Boston Red Sox John Henry’s Boston Globe Purchase Bad for Impartiality
Today is a great day to be a Boston sports writer, as long as you don’t write for the Boston Globe. Because if you do happen to write for Boston’s most widely circulated media outlet, the hand that feeds you is now going to be none other than John Henry. Good luck to you if you do, because you’re now in an a really awkward position.
Henry, the principal owner of the Boston Red Sox, completed a deal yesterday to purchase the Globe for $70 million. People like Henry don’t get to where they are without being shrewd businessmen. He saw an opportunity to buy low on the declining media outlet which was valued at $1.1 billion twenty years ago.
The move is a strange one, though. Henry already is principal owner of Roush Racing Sports and Liverpool Football Club. The Red Sox are worth less than both, and Henry certainly doesn’t have a pressing need for such a risky investment in his portfolio.
So, why then is he doing this? That’s up for interpretation. My theory is simple: Henry is a sensitive man, prone to winning, who doesn’t take well to the intense criticism the Boston media has given him after the Red Sox September 2011 collapse, and 69-win season in 2012.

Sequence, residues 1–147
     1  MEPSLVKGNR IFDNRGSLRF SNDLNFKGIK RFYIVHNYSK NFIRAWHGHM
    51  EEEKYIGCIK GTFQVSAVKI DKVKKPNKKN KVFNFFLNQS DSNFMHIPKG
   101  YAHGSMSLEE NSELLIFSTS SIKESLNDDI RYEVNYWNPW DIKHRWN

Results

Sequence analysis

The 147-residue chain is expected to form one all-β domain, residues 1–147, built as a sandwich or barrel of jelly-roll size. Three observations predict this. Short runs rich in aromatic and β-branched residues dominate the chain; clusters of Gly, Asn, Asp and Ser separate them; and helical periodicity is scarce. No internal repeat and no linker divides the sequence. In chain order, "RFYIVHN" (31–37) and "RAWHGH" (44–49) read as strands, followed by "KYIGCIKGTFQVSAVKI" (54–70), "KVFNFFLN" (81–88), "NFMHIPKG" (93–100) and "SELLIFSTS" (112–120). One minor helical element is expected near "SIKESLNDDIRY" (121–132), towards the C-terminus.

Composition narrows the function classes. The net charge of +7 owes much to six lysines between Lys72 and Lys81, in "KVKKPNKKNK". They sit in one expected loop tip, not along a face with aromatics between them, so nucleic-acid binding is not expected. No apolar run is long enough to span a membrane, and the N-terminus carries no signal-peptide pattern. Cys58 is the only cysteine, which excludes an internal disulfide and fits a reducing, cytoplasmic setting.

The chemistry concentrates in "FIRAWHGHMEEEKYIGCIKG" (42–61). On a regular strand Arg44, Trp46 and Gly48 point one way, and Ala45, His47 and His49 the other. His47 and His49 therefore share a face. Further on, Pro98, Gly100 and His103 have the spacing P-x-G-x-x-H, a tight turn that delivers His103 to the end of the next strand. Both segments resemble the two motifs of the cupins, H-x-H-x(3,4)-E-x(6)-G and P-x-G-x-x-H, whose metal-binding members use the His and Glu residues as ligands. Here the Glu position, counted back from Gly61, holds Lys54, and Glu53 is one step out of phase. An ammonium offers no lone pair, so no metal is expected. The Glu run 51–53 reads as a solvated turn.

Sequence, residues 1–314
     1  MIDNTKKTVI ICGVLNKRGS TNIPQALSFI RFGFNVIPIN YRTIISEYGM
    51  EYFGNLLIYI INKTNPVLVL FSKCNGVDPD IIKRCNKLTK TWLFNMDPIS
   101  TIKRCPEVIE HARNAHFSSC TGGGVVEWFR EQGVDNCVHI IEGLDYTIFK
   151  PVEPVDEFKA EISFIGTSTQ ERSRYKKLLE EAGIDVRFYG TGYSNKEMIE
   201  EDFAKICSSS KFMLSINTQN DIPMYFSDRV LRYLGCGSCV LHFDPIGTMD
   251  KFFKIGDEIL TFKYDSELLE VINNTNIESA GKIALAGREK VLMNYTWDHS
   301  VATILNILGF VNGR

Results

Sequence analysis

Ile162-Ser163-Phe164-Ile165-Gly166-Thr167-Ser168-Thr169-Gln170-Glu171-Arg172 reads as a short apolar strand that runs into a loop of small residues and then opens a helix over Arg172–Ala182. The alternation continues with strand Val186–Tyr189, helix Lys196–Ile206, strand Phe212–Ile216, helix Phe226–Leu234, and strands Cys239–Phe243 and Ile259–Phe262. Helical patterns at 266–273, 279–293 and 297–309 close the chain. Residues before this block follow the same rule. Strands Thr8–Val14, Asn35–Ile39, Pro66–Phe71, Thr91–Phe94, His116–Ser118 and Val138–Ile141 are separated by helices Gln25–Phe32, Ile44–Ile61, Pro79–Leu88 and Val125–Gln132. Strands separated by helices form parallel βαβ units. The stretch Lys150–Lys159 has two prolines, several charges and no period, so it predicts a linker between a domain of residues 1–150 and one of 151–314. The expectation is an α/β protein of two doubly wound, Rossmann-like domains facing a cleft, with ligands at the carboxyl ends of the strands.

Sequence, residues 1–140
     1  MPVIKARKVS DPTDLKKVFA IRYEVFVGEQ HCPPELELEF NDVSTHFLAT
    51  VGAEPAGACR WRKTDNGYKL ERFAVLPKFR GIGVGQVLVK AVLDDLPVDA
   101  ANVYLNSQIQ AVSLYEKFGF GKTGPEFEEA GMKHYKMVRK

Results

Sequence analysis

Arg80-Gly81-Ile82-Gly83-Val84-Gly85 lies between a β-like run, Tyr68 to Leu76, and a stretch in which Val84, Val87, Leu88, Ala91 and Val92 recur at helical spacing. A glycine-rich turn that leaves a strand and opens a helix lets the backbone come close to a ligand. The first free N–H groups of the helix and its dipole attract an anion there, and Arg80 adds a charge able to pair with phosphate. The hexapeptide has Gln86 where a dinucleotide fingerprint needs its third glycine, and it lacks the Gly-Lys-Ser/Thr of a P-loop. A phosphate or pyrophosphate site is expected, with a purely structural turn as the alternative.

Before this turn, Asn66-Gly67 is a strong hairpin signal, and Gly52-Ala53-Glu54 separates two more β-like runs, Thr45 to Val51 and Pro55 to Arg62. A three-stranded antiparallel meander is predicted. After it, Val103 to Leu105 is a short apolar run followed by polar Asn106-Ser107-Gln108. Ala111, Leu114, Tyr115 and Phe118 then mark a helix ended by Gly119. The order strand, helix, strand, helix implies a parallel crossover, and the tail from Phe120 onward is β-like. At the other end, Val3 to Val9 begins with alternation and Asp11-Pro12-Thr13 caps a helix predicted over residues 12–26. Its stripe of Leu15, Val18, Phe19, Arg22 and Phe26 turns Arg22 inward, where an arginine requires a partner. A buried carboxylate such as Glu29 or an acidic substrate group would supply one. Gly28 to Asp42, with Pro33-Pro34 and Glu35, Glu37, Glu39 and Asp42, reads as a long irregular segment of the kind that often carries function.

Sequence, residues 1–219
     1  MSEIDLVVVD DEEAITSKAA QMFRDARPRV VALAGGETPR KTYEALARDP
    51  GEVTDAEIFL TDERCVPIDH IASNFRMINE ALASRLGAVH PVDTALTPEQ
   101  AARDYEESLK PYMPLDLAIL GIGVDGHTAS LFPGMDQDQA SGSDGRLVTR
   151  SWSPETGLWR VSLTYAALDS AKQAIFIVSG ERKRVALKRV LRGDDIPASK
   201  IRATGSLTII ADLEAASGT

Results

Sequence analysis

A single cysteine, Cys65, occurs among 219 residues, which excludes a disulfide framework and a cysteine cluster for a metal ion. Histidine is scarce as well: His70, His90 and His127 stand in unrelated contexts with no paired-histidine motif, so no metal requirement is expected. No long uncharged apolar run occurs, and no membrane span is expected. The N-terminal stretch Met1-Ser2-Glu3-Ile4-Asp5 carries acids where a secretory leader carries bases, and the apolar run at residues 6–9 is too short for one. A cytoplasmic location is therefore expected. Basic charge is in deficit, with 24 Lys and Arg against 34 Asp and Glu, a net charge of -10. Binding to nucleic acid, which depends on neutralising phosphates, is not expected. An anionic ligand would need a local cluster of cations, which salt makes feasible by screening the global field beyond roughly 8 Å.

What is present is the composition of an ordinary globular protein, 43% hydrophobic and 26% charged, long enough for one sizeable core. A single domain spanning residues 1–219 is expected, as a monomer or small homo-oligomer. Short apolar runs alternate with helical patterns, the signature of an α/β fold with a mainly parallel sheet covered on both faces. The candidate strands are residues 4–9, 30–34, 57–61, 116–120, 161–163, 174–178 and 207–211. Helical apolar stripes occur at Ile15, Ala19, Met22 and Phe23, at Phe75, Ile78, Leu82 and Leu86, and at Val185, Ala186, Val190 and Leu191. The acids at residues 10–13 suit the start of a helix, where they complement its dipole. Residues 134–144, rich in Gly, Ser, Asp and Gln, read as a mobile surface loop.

In 2011, Henry stormed the studio of 98.5 the Sports Hub during a live broadcast of the afternoon show Felger and Mazz. Henry, and co-owners Larry Lucchino and Tom Werner are frequent targets of the sports demagogues. For a multimillionaire with so much on his plate on a daily basis, it was shocking to see how sensitive he was toward this criticism. In a broadcast that was over an hour long, he vainly attempted to assure the co-hosts and their millions of listeners that he was being mislabeled as disinterested in the Red Sox ever since his purchase of Liverpool.
After last year’s pathetic hire of Bobby Valentine as manager, and desperate attempts to sell bricks and make more money off of Fenway Park, Henry continued to get slammed by the press. Globe reporter Dan Shaughnessy released his book about the Terry Francona years in Boston, which painted ownership as aloof and only interested with putting fans in the seats and selling the Red Sox brand.
The beauty of sports journalism and blogs, is that you get a fair and balanced viewpoint about all teams, including the Red Sox. Writers have the freedom to be critical and divisive if they truly feel passionate about a topic. It can be assumed that writers at the Globe will no longer have such freedoms. And what reader will ever be able to take a Globe column on the Red Sox seriously ever again? No writer can afford to be critical of Henry or anyone in his favor. After all, you don’t bite the hand that feeds you.